By Priyankar Bhattacharya
Today’s payer and provider organizations are increasingly focused on physician credentialing for outcomes such as cost savings, quicker turnaround time and improved accuracy. It originated in the 1960s with the Darling v. Charleston Community Memorial Hospital case, which established the obligation of hospitals to verify their physician and other provider competencies. This landmark ruling led to the creation of credentialing as hospitals and other organizations sought to protect themselves from lawsuits.
Credentialing in Today’s Healthcare Market
Credentialing is commonly defined as the process of examining, reviewing, and verifying that a candidate’s professional licenses or certifications, education, and experience are in order and related criteria are met. It is also used with medical groups’ closed panels to determine the eligibility of a prospective provider. While credentialing appears a straightforward process, it can actually be a difficult and often confusing practice, since many healthcare practitioners require different types of education and certifications.
The act of credentialing exists along with other administrative actions that occur once a physician or clinical practitioner completes his or her education and clinical training. Newly graduated and trained practitioners are often in contact with recruiters, who initiate the administrative process by guiding them through the contracting, credentialing, privileging and provider enrollment process. This ultimately results in a thoroughly vetted clinician who is approved to deliver clinical care and who can be reimbursed by insurance payers for the associated clinical services.
A Critical Component to Delivering Care
In today’s litigious society, even the smallest medical misstep can cost hundreds of thousands in legal and medical costs. Healthcare organizations are increasingly targets of lawsuits, especially when the problems are the result of failure to fully verify the professional credentials of the practitioners. For smaller practices, this is an especially difficult position, as staffing, time, and other limitations can increase the chances of failing to perform a thorough check of a new associate’s background.
It might seem like credentialing is just a paperwork task, mundane and not as important as patient care; however, it’s an essential task that cannot be taken lightly. It not only protects an organization from potential lawsuits; it’s also a way to ensure practitioners are qualified to do their job. It’s a safeguard put in place to protect patients by providing qualified, high-quality providers.
Credentialing is not to be confused with “network contracting” or “enrollment,” although it is necessary for insurance companies to also verify professional credentials before adding a new physician to the organization’s or group’s coverage. Many provider networks use the services of Council for Affordable Quality Healthcare (CAQH) to acquire credentialing data from a centralized location and therefore, require that their participating providers have a complete updated profile on file. Hospitals and managed care organizations, as well as individual practices and healthcare staffing companies, must perform strict credentialing due to the possibility of a malpractice lawsuit against a staff member or hiring organization.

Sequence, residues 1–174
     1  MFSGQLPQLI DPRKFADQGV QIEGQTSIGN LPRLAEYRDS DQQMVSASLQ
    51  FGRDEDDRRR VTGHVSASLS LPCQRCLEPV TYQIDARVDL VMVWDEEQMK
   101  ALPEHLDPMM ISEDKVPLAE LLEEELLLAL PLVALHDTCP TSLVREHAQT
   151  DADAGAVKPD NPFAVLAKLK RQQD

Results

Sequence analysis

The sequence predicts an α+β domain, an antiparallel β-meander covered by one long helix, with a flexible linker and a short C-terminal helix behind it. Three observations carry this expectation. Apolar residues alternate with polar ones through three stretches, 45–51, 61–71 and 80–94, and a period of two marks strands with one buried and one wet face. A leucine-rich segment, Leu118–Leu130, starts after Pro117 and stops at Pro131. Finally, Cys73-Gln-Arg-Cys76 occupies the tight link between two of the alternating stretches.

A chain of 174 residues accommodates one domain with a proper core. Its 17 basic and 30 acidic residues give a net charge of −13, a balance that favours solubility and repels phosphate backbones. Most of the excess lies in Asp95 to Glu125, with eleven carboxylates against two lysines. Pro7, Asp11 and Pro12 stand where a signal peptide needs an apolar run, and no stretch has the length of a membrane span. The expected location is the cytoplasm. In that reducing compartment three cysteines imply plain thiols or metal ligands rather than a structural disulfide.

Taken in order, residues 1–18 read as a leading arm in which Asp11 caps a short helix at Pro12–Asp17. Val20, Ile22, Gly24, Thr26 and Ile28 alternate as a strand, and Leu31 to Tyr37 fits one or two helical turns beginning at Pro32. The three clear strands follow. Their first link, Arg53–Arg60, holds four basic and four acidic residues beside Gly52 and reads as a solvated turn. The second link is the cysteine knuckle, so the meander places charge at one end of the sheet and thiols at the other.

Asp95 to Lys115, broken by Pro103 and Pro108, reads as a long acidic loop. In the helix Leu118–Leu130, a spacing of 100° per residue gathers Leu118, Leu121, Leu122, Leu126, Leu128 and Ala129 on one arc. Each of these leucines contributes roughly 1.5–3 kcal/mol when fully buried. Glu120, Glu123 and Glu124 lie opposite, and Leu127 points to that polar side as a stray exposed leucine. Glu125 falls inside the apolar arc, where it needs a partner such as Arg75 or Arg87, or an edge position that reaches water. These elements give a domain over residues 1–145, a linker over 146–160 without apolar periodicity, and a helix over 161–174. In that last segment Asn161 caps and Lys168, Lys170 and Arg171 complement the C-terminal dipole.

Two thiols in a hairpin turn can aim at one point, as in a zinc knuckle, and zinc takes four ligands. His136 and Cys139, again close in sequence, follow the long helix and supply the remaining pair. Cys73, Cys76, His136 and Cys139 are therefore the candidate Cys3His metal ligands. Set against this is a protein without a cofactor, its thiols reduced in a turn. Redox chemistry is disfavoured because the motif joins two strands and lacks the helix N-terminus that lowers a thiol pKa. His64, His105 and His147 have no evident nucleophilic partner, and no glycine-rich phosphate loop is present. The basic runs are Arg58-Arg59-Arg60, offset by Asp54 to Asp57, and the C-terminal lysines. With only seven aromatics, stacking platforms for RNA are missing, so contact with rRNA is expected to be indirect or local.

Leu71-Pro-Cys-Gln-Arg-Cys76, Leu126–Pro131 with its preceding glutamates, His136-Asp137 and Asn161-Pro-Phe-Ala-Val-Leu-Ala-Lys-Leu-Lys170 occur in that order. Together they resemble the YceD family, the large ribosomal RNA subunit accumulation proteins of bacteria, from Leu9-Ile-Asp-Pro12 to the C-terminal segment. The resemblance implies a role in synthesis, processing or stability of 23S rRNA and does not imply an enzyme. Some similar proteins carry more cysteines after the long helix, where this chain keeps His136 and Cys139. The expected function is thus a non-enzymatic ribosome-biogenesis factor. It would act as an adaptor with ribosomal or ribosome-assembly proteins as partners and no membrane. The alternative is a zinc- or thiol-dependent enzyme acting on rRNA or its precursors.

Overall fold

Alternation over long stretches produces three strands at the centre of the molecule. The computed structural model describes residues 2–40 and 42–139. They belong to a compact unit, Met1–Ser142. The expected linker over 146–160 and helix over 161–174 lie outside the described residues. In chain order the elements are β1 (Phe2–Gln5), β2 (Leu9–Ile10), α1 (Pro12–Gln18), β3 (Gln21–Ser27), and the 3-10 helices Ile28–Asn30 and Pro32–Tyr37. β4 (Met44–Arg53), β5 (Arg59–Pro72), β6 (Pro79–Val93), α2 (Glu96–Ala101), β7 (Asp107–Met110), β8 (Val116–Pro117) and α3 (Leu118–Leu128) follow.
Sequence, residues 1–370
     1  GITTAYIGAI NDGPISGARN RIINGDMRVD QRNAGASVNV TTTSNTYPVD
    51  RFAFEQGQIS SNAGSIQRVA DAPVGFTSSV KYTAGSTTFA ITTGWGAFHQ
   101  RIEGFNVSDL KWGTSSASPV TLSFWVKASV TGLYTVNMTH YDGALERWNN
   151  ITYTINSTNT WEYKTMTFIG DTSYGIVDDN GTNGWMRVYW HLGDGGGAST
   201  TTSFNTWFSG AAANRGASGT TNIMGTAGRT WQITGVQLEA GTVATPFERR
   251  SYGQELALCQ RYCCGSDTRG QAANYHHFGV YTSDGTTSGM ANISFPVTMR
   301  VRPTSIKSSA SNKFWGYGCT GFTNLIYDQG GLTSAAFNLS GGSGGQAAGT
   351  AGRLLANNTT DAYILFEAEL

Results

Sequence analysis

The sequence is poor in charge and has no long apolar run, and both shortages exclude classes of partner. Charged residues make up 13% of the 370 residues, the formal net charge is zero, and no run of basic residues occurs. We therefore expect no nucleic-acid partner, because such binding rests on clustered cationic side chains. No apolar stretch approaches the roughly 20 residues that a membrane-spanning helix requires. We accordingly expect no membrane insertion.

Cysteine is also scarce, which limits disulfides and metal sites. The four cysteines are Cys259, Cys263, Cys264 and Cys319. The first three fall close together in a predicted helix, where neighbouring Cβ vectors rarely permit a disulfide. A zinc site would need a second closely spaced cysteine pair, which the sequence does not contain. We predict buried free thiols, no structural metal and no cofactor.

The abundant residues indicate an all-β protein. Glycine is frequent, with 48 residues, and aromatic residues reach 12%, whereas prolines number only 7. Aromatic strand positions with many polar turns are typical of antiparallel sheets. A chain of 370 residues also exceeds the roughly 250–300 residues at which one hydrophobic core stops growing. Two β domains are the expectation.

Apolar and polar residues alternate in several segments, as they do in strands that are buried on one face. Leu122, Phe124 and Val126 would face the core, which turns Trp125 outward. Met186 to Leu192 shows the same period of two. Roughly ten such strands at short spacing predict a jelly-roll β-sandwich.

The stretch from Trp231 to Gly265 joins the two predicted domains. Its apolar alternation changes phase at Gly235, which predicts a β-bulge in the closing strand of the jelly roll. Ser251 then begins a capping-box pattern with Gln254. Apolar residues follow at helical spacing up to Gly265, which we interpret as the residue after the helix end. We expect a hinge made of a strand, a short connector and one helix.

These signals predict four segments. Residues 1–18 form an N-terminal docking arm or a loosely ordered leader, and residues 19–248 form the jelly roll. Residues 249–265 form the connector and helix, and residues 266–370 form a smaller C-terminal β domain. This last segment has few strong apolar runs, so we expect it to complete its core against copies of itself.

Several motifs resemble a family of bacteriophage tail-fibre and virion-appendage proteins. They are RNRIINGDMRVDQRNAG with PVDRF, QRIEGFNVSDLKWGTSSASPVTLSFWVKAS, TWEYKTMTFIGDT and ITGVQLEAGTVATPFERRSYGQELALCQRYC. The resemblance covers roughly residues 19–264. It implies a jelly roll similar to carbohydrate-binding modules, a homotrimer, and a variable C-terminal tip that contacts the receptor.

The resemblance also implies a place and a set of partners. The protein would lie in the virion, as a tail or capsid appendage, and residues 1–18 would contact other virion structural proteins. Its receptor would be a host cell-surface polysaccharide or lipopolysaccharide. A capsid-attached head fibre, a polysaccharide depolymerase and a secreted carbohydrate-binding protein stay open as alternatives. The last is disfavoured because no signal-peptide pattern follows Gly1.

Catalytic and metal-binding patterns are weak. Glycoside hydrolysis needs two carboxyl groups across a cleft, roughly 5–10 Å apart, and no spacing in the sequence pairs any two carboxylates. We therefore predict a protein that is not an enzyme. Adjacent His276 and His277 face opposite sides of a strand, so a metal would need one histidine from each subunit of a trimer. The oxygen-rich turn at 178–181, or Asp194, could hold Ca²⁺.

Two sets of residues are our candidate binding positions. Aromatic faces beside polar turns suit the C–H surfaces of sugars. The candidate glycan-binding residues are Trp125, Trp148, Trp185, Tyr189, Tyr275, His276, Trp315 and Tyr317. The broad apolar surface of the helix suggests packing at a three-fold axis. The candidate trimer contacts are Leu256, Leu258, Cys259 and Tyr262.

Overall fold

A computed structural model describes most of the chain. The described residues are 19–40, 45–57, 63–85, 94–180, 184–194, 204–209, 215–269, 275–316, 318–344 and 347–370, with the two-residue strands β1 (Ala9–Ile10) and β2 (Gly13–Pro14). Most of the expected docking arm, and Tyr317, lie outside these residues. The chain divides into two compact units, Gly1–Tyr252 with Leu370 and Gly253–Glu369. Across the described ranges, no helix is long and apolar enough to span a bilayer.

Addressing the Pain Points
Credentialing can bring new challenges associated with the people, process and technology and create an administrative burden for health systems. Some of the industry-level bottlenecks that are associated with credentialing are:
- Low Portability: Lower portability (or, interoperability of data among existing silos) affecting the process workflow and data management tasks in credentialing—translating to less traffic and lag time while seeking response
- Manual Process: A paper-based and manual credentialing process affects the speed and efficiency of credentialing
- Data Management: Inefficient management of data storage, data segmentation, and data security for better credentialing
- High Error Ratio: High error ratio in the credentialing process due to manual and paper-based systems
- Noncompliance: Inability to maintain National Committee for Quality Assurance (NCQA) compliance for seamless and secure credentialing process
- Credential Expiration: Inability to manage and control healthcare credentialing process without proper reminders
By working with a partner, providers can engineer credentialing tracking software to address many of these pain points.
With a dedicated credentialing focus, organizations can ensure that patients receive the highest level of care from professionals who have undergone the most stringent scrutiny regarding their ability to practice medicine. Providers can rest assure that colleagues are being held to consistent standards, with the right priority in place: the quality of patient care.
About Priyankar Bhattacharya
Priyankar is a Senior Manager of Provider Network Operations at HGS Healthcare. He has more than 13 years of U.S. healthcare experience spanning policy management, claim adjudication, network operations and procurement, pre-authorization, and customer service operations. He has worked for major U.S. and middle east global healthcare payers.
The Editorial Team at Healthcare Business Today is made up of skilled healthcare writers and experts, led by our managing editor, Daniel Casciato, who has over 25 years of experience in healthcare writing. Since 1998, we have produced compelling and informative content for numerous publications, establishing ourselves as a trusted resource for health and wellness information. We offer readers access to fresh health, medicine, science, and technology developments and the latest in patient news, emphasizing how these developments affect our lives.